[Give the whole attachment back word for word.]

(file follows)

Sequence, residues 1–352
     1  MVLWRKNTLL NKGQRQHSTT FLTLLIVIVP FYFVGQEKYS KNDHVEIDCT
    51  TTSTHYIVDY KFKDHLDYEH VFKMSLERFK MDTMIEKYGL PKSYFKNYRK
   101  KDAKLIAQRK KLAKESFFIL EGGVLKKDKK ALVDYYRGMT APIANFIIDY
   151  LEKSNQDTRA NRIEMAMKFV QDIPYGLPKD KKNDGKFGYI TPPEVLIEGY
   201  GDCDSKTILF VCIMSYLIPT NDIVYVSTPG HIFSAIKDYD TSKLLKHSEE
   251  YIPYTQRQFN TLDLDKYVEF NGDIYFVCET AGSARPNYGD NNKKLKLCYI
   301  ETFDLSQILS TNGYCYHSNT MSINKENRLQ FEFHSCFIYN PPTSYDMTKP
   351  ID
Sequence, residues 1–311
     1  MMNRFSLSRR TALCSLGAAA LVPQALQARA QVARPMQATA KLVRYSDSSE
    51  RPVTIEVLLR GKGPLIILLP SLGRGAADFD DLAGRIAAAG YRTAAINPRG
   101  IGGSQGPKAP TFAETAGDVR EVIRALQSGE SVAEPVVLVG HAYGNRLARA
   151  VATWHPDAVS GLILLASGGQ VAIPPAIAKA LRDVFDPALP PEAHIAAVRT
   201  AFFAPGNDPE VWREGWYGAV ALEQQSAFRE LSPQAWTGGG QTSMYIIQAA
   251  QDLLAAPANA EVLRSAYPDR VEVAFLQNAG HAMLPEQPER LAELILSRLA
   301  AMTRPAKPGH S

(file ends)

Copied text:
Sequence, residues 1–352
     1  MVLWRKNTLL NKGQRQHSTT FLTLLIVIVP FYFVGQEKYS KNDHVEIDCT
    51  TTSTHYIVDY KFKDHLDYEH VFKMSLERFK MDTMIEKYGL PKSYFKNYRK
   101  KDAKLIAQRK KLAKESFFIL EGGVLKKDKK ALVDYYRGMT APIANFIIDY
   151  LEKSNQDTRA NRIEMAMKFV QDIPYGLPKD KKNDGKFGYI TPPEVLIEGY
   201  GDCDSKTILF VCIMSYLIPT NDIVYVSTPG HIFSAIKDYD TSKLLKHSEE
   251  YIPYTQRQFN TLDLDKYVEF NGDIYFVCET AGSARPNYGD NNKKLKLCYI
   301  ETFDLSQILS TNGYCYHSNT MSINKENRLQ FEFHSCFIYN PPTSYDMTKP
   351  ID
Sequence, residues 1–311
     1  MMNRFSLSRR TALCSLGAAA LVPQALQARA QVARPMQATA KLVRYSDSSE
    51  RPVTIEVLLR GKGPLIILLP SLGRGAADFD DLAGRIAAAG YRTAAINPRG
   101  IGGSQGPKAP TFAETAGDVR EVIRALQSGE SVAEPVVLVG HAYGNRLARA
   151  VATWHPDAVS GLILLASGGQ VAIPPAIAKA LRDVFDPALP PEAHIAAVRT
   201  AFFAPGNDPE VWREGWYGAV ALEQQSAFRE LSPQAWTGGG QTSMYIIQAA
   251  QDLLAAPANA EVLRSAYPDR VEVAFLQNAG HAMLPEQPER LAELILSRLA
   301  AMTRPAKPGH S